SN: We are in a global village and, as such, we are open-minded. Yes, we have received expression of interest which we are considering at the moment, but I would like to say that, at the moment, we will keep the name to our chest.
AK: We hear the steel plant is derelict and the machinery is either obsolete or worn out. Is this the true state of affairs at Zisco?
SN: The correct position is that there are some sections of Zisco which are totally obsolete. I am sure you appreciate that Zisco was established during the Rhodesian time.
However, there are some plants which are in good shape. Interestingly, latest investments, in terms of plant equipment, which were done in the late 1990s, were never used to their potential and when you go down there you will appreciate that it’s dead capital lying idle. So, to say the whole Zisco is obsolete is a total lie.
AK: There are other companies which used to operate as a unit with Zisco. What is the plan with such companies?
SN: As I alluded earlier, the companies which are under Zisco, that is Lancashire Steel, Zimchem and BIMCO, are the main targets for urgent revival.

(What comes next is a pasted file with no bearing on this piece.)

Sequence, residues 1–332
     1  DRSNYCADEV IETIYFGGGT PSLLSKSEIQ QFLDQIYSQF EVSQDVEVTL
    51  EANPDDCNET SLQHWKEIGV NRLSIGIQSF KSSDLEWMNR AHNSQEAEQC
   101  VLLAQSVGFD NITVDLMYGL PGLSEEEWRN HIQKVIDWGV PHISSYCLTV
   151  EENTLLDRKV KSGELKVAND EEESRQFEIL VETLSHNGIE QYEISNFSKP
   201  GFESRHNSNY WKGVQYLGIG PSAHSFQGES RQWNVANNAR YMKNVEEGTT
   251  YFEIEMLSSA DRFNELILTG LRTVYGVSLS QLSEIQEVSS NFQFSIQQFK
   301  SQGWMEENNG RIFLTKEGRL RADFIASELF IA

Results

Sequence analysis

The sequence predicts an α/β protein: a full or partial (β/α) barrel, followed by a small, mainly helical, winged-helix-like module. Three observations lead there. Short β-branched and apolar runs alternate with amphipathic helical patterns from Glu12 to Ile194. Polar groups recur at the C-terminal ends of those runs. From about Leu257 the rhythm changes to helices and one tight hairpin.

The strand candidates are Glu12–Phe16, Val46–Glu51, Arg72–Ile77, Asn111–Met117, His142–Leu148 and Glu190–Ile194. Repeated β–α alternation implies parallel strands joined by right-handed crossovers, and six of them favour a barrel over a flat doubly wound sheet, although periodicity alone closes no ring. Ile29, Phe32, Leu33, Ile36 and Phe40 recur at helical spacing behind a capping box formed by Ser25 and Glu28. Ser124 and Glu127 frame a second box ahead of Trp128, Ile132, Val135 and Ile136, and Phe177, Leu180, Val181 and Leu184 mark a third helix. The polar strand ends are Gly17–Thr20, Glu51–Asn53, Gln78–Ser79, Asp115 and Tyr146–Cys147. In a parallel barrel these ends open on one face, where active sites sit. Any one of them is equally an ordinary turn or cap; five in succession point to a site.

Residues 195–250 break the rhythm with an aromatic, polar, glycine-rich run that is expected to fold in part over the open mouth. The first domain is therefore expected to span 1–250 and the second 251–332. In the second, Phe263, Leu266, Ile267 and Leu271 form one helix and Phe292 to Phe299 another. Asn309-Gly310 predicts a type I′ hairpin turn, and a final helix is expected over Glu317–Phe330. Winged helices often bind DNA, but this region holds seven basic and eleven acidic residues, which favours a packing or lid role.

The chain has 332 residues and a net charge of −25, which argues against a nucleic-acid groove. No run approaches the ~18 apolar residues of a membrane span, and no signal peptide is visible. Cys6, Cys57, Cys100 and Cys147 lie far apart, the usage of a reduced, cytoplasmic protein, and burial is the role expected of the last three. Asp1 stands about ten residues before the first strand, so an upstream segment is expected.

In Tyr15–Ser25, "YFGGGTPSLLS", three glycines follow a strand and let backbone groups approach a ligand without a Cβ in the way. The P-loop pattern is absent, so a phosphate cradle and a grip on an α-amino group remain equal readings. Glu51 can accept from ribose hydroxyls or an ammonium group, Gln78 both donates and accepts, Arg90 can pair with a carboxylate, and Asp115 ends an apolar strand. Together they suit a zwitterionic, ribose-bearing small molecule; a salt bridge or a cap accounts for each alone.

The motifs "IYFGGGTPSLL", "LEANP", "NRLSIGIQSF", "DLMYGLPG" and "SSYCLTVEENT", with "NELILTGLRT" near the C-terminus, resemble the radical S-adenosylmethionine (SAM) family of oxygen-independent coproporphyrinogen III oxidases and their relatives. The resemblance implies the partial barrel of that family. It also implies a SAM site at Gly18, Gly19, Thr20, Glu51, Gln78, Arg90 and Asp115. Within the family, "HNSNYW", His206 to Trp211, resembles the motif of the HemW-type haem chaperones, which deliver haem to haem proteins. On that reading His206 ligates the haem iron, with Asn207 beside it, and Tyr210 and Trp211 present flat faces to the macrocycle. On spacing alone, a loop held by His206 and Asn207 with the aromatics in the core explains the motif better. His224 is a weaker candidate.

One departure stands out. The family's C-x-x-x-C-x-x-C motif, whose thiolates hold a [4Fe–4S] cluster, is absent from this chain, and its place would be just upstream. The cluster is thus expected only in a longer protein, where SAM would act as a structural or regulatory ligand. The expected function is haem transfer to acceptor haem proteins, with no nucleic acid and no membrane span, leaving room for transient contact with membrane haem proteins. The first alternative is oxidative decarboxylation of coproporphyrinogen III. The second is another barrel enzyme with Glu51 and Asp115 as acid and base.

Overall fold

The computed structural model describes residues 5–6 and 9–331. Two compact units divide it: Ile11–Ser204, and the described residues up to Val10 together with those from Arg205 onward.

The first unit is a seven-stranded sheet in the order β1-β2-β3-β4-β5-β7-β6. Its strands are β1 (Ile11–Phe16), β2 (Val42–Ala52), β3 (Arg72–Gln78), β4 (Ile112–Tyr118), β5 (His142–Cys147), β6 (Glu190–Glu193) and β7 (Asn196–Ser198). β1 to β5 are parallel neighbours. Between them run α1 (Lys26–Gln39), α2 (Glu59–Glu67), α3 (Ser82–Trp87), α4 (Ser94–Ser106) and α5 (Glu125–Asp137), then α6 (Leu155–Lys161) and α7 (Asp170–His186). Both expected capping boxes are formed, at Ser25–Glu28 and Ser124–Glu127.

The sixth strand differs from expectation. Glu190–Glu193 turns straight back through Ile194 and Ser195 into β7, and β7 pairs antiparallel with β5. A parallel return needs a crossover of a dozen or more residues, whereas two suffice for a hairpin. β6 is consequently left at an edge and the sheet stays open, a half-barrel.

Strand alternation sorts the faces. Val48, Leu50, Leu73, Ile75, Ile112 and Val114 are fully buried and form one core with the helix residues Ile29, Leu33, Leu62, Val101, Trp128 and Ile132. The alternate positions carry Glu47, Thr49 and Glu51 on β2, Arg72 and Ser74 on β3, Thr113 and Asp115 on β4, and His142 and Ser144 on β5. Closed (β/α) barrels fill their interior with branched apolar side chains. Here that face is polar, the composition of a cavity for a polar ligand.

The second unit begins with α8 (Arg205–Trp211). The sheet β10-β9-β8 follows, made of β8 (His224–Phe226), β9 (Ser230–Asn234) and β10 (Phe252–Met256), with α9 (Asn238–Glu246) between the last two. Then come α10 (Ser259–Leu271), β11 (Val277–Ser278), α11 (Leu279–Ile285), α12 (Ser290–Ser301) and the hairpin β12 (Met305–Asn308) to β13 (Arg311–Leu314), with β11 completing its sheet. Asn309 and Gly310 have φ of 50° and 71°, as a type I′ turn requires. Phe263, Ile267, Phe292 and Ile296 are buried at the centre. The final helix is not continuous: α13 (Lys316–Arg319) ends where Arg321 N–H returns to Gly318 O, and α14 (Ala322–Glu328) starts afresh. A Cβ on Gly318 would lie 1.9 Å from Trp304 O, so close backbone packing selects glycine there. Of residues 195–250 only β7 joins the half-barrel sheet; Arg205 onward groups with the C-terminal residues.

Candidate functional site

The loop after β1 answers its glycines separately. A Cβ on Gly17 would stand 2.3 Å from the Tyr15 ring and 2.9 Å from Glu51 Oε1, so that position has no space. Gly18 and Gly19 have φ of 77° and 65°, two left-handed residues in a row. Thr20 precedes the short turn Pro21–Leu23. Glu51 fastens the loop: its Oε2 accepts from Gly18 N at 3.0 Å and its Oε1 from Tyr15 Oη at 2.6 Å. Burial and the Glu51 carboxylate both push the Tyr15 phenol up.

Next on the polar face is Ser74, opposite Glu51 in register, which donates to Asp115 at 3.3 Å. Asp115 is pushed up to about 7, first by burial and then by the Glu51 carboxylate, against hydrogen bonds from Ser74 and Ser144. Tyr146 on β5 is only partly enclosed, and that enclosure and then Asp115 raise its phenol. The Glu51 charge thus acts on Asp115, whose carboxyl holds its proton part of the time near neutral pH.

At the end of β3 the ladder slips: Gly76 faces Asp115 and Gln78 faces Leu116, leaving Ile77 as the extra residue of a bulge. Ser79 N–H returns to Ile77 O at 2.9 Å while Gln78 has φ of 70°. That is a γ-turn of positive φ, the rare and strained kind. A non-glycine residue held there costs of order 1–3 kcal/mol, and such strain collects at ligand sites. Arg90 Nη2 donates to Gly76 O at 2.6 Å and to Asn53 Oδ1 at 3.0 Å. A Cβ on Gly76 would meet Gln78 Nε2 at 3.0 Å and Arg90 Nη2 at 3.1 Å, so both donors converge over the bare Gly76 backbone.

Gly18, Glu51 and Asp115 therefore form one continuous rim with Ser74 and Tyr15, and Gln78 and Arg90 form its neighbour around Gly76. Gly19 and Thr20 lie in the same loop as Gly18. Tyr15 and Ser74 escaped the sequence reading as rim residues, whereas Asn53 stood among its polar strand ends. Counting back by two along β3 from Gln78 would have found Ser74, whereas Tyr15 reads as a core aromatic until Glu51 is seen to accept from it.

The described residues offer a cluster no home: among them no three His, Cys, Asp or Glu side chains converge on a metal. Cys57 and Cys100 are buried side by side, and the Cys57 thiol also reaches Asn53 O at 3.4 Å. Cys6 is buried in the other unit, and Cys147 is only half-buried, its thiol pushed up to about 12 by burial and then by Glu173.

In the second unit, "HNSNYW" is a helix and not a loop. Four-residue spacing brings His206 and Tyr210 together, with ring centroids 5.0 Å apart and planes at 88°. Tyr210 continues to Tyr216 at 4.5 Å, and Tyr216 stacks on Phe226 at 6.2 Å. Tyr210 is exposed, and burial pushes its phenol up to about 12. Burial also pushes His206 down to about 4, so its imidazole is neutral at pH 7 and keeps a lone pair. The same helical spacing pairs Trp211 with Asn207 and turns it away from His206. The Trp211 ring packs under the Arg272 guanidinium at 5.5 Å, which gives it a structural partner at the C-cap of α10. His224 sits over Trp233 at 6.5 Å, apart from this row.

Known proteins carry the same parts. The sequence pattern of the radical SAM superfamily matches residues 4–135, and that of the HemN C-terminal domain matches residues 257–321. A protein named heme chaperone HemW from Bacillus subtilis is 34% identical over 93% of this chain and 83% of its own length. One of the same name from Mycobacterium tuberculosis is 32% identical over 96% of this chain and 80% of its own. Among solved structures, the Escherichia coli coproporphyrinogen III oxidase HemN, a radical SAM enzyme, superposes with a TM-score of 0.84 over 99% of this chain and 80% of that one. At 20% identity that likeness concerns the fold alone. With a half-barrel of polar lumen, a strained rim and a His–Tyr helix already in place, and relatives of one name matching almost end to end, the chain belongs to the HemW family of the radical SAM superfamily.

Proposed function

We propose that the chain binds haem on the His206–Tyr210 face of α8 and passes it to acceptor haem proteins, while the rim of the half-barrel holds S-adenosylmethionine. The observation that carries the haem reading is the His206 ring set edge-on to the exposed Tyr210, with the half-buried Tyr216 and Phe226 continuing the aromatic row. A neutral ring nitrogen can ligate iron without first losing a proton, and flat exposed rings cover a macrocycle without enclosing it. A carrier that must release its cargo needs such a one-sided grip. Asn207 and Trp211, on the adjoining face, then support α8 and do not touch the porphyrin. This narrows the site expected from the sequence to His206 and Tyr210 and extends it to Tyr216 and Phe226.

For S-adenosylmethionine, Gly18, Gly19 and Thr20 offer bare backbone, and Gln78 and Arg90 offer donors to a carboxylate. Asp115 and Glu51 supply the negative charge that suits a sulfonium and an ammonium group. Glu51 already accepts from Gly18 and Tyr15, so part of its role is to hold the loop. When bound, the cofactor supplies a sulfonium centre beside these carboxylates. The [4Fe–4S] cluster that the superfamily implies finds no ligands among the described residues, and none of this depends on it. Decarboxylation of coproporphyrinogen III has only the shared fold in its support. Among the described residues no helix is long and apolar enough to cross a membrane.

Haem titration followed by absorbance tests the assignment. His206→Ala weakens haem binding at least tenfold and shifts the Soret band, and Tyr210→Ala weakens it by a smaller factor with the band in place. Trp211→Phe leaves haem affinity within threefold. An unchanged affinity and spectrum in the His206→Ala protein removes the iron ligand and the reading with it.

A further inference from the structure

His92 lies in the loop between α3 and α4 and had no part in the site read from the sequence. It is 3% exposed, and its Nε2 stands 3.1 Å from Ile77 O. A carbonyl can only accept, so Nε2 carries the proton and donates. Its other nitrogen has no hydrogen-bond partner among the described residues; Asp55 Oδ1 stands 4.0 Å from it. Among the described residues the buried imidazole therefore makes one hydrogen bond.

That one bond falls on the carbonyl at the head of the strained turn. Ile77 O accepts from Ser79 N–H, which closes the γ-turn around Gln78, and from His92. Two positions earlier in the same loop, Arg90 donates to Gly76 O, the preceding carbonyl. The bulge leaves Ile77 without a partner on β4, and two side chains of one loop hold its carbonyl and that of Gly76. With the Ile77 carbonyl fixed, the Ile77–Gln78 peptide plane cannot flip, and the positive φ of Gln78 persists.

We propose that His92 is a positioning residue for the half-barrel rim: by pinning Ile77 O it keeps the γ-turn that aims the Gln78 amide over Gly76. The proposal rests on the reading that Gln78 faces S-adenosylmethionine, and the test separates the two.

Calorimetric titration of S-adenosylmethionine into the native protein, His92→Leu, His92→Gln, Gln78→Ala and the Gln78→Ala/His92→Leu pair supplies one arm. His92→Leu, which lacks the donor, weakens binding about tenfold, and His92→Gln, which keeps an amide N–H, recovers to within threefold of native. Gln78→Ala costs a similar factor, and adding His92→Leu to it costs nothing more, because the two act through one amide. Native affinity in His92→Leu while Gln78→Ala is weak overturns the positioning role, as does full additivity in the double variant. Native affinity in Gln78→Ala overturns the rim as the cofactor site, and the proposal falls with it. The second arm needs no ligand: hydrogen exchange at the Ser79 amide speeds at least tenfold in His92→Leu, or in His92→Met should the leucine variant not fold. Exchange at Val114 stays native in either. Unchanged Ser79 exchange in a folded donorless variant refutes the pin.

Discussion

The ministerial taskforce has requested the board to oversee the development of the business plan as a matter of urgency.
AK: Currently, there are no workers at any level at the company. What is your strategy in this respect?
SN: There are workers mainly at management level. I must say we have a lean structure which is mainly overseeing the security of the company. The company also has 243 workers who are security guards whose main job is to provide security to the company assets.
AK: In terms of your team’s assessment, how much money is required to bring the company back to life?
SN: It depends of the model one may need to take. Based on our assessment, if one is going to go with the current structure of Zisco, one may require investment level in region of US$500 million at the very minimum.
However, if one wants to put totally new plant, the correct figure can then be informed by feasibility studies.
AK: Previous deals have collapsed following allegations of corruption and the government’s insistence on maintaining majority shareholding in the firm. How are you planning to circumvent these obstacles?